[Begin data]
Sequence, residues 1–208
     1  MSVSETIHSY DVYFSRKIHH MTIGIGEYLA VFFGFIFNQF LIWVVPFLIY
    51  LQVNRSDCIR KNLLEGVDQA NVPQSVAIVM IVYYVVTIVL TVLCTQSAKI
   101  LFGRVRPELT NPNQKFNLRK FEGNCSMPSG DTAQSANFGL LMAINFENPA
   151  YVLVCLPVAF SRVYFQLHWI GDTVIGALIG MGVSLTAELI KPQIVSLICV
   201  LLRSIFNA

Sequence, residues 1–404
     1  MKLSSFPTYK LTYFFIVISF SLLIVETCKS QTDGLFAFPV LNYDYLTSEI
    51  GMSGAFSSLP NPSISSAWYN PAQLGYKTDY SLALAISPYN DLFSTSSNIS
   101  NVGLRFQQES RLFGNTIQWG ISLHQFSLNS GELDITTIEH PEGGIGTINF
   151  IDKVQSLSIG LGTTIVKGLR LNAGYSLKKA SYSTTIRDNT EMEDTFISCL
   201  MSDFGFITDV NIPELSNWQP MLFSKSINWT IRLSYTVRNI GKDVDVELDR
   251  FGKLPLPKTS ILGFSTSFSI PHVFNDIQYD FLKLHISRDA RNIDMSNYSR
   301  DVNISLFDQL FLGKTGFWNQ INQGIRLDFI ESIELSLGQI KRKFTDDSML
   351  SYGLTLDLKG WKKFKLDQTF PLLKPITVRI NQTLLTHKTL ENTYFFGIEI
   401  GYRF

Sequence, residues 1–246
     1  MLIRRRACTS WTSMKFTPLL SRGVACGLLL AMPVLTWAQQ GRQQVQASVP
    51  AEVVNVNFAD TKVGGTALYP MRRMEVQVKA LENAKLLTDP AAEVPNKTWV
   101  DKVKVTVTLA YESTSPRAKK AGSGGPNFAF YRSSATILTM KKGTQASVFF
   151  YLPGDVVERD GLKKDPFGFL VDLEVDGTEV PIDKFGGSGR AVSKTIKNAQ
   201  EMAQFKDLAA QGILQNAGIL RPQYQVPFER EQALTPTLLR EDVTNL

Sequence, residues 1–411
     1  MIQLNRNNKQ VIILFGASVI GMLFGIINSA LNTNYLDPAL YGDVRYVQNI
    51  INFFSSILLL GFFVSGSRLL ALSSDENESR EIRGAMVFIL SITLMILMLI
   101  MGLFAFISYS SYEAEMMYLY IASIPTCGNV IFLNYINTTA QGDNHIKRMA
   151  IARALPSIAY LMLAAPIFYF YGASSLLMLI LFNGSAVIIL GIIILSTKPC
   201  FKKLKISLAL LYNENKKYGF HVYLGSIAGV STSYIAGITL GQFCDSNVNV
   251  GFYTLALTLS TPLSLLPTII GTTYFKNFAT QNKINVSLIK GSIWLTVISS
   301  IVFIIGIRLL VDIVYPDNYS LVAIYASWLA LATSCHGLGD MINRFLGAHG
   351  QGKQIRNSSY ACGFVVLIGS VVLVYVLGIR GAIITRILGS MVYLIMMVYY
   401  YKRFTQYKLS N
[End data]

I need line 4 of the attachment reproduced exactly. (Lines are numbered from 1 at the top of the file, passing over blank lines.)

   101  LFGRVRPELT NPNQKFNLRK FEGNCSMPSG DTAQSANFGL LMAINFENPA